‘Winning changes everything’: How the Giants earned keeping Madison Bumgarner

MLB

The scene was familiar to fans of the San Francisco Giants. Madison Bumgarner was on the mound. Behind him, Brandon Belt was at first base, and Brandon Crawford at shortstop. They blew an early lead, but Pablo Sandoval got things going in the seventh, and they would rally for six runs in the 10th inning to beat the Mets 9-3 for Bruce Bochy’s 1,000th win as the Giants’ manager.

But after players and staff members toasted Bochy’s milestone in the visiting clubhouse at Citi Field, there was very little else to celebrate. San Francisco had finished May losing nine of its last 11 games; by June 27 the Giants were a season-high 12 games under .500, dropping 20½ games behind the division-leading Dodgers.

After a 98-loss season in 2017, on pace to win just 70 games this year, it looked like the time had come to wave the white flag. Farhan Zaidi, the new president of baseball operations, had all the leeway he needed to turn the page and reshape the future of the franchise. Reliever Will Smith had emerged as one of the most sought-after trade chips, joining MadBum, who was finally healthy and predictably was one of the pitchers most coveted by teams angling to make a playoff run.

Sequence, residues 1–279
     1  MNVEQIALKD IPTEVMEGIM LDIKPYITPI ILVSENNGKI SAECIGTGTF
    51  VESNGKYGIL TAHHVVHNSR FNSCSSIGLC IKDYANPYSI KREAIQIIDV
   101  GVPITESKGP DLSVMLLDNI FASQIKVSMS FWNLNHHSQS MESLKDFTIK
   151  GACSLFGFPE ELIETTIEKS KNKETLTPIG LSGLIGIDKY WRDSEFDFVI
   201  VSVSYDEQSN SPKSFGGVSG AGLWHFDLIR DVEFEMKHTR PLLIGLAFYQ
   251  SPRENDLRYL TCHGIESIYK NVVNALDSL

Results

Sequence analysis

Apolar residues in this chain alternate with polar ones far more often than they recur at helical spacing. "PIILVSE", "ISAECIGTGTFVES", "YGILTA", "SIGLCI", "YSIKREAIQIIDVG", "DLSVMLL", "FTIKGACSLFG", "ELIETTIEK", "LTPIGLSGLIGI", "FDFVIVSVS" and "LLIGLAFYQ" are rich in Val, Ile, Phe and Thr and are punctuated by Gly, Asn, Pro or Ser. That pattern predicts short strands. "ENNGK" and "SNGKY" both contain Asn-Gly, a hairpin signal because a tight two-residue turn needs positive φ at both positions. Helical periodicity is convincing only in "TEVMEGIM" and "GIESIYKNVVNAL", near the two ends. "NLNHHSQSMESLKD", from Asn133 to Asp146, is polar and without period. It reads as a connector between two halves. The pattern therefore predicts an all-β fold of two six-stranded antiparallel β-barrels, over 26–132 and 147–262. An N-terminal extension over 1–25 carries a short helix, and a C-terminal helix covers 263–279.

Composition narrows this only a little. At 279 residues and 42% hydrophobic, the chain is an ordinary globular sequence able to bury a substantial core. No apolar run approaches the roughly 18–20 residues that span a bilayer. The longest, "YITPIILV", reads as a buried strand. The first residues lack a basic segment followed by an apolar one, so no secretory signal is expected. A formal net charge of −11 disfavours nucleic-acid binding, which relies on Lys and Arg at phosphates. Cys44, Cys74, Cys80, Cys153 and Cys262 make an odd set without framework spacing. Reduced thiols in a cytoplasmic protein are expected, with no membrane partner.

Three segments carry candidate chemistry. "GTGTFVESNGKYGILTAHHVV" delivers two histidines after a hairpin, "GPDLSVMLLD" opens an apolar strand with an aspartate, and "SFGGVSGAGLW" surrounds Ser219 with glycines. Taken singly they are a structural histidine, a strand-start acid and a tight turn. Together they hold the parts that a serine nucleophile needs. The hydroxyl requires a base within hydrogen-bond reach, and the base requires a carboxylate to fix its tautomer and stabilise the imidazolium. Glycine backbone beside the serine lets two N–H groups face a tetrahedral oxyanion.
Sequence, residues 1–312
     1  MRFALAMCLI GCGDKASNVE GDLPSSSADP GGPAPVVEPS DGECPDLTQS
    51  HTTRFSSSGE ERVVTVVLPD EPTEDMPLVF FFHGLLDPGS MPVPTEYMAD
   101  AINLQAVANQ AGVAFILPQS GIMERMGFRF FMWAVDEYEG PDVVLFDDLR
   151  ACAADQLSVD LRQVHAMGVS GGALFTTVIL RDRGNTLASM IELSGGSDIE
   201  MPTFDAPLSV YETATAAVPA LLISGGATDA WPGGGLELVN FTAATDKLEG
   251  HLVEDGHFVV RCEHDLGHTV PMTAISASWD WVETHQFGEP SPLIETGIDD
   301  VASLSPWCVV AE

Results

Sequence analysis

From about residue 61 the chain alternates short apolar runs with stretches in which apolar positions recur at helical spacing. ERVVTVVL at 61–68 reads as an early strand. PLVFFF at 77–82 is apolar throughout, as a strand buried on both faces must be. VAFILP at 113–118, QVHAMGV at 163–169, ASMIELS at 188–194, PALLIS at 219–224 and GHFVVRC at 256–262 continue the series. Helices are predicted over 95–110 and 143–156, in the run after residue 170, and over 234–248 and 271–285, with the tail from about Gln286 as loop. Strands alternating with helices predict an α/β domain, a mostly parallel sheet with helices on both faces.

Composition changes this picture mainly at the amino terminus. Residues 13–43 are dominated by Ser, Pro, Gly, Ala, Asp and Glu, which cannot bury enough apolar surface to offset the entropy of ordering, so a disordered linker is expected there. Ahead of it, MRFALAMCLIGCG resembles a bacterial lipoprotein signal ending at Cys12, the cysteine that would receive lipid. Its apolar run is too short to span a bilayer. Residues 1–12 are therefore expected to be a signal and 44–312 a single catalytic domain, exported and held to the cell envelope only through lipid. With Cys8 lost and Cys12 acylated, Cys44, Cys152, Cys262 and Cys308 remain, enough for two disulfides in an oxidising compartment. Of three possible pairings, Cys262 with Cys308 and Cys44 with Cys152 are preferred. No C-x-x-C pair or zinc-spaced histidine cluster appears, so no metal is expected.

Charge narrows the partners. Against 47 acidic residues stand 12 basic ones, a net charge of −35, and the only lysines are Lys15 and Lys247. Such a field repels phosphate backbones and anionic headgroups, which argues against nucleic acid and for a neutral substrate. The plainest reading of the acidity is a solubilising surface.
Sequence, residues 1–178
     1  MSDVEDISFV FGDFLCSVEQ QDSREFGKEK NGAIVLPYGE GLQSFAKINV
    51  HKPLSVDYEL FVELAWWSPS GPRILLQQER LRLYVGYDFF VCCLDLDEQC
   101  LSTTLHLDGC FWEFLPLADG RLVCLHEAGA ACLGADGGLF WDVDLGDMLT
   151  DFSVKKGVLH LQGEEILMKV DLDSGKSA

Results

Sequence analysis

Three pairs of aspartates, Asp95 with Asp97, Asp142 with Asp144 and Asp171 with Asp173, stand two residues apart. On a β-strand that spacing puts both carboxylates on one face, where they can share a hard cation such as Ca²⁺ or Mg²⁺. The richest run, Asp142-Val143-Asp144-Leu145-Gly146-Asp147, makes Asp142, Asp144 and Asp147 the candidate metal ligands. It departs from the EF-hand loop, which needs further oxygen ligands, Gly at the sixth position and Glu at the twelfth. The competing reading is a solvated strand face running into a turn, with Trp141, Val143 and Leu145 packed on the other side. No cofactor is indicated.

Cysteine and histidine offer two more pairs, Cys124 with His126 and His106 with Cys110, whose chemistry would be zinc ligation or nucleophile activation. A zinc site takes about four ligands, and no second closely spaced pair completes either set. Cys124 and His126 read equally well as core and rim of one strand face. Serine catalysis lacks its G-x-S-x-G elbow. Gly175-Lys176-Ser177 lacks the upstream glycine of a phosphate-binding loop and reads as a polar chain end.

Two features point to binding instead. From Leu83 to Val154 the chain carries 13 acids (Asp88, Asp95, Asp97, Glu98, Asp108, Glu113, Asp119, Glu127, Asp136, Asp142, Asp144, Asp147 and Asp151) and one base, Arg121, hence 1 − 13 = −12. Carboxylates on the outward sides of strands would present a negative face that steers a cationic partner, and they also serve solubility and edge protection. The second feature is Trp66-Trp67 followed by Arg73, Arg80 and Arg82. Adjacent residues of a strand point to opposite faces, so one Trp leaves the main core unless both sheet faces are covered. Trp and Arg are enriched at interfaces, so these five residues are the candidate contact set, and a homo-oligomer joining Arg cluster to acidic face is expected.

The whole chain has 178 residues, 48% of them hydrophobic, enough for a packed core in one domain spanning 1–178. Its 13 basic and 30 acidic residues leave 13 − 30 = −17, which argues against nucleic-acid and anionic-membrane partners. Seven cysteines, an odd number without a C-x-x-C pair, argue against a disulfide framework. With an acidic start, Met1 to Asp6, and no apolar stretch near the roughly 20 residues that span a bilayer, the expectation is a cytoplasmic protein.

These Giants refused to play by those rules. After losing to the Diamondbacks on June 29, they won 18 of their next 21 games, the best record in the majors during that stretch. A productive lineup and an elite bullpen have pushed the Giants to within 2½ games of an NL wild-card slot.

Asked about the Giants’ reversal of fortune, Bumgarner was philosophical. “I’ve tried to figure that stuff out, and I know with this game there is one thing I know for sure: Once you think you’ve got something figured out, you’re wrong,” he said. “It was just like somebody flipped a switch and it all started changing. If there is something to it, I don’t know what it is.

“I don’t remember a time where we won that we were expected to win. And I would rather be that way,” Bumgarner added, referring to both their incredible recent run and their World Series wins in 2010, 2012 and 2014. “I would rather be an underdog-type of team that has a chip on their shoulder, playing with an edge, than somebody that is supposed to run away with it.”

The Giants weren’t supposed to be in this position again, of mattering again. Yet, by the time Bumgarner took the mound against the Cubs at Oracle Park last Saturday, the standing ovations he was showered with at the end of the sixth and seventh innings had as much to do with his spinning a strong start against a tough lineup as it did with fans saying goodbye because it might have been the last time he played in a Giants uniform at home.